Key facts

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Key facts

  • Epilepsy is a chronic noncommunicable disease of the brain that affects people of all ages.
  • Around 50 million people worldwide have epilepsy, making it one of the most common neurological diseases globally.
  • Nearly 80% of people with epilepsy live in low- and middle-income countries.
  • It is estimated that up to 70% of people living with epilepsy could live seizure- free if properly diagnosed and treated.
  • The risk of premature death in people with epilepsy is up to three times higher than for the general population.
  • Three quarters of people with epilepsy living in low-income countries do not get the treatment they need.
  • In many parts of the world, people with epilepsy and their families suffer from stigma and discrimination.

Epilepsy is a chronic noncommunicable disease of the brain that affects around 50 million people worldwide. It is characterized by recurrent seizures, which are brief episodes of involuntary movement that may involve a part of the body (partial) or the entire body (generalized) and are sometimes accompanied by loss of consciousness and control of bowel or bladder function.

Seizure episodes are a result of excessive electrical discharges in a group of brain cells. Different parts of the brain can be the site of such discharges. Seizures can vary from the briefest lapses of attention or muscle jerks to severe and prolonged convulsions. Seizures can also vary in frequency, from less than 1 per year to several per day.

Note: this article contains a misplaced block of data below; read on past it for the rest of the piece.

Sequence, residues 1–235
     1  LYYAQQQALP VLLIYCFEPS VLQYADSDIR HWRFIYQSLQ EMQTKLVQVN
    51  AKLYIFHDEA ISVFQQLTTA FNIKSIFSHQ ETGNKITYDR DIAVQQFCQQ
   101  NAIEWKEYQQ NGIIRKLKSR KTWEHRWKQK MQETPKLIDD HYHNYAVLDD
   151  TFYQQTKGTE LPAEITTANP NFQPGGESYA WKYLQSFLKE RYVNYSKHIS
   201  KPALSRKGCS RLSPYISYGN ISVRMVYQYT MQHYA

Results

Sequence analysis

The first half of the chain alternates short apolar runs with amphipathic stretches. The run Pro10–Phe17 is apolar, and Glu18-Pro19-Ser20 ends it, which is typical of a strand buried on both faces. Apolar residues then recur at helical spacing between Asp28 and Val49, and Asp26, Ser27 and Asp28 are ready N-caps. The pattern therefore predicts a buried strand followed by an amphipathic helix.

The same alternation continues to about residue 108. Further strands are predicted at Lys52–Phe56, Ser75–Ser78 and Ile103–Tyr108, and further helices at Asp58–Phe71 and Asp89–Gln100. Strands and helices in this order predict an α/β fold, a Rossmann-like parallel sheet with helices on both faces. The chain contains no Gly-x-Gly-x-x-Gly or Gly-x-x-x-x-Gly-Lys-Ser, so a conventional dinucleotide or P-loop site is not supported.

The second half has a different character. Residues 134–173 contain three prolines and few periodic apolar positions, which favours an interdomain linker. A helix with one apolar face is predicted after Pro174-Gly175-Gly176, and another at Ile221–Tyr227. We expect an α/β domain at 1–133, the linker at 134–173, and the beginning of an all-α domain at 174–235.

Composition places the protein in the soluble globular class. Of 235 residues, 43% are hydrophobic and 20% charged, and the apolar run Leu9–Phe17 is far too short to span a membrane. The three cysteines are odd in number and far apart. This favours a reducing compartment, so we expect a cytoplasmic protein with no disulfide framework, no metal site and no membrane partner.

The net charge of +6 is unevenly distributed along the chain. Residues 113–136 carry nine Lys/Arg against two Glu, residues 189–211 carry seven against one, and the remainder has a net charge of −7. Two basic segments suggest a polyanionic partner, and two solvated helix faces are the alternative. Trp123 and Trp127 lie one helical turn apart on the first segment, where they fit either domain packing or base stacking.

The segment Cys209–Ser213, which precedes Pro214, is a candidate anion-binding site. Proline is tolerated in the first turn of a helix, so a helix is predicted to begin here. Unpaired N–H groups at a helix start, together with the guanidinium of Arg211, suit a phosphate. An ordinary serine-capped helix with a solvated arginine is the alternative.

One seizure does not signify epilepsy (up to 10% of people worldwide have one seizure during their lifetime). Epilepsy is defined as having two or more unprovoked seizures. Epilepsy is one of the world’s oldest recognized conditions, with written records dating back to 4000 BC. Fear, misunderstanding, discrimination and social stigma have surrounded epilepsy for centuries. This stigma continues in many countries today and can impact on the quality of life for people with the disease and their families.

Signs and symptoms

Characteristics of seizures vary and depend on where in the brain the disturbance first starts, and how far it spreads. Temporary symptoms occur, such as loss of awareness or consciousness, and disturbances of movement, sensation (including vision, hearing and taste), mood, or other cognitive functions.

People with epilepsy tend to have more physical problems (such as fractures and bruising from injuries related to seizures), as well as higher rates of psychological conditions, including anxiety and depression. Similarly, the risk of premature death in people with epilepsy is up to three times higher than in the general population, with the highest rates of premature mortality found in low- and middle-income countries and in rural areas.

A great proportion of the causes of death related to epilepsy, especially in low- and middle-income countries are potentially preventable, such as falls, drowning, burns and prolonged seizures.

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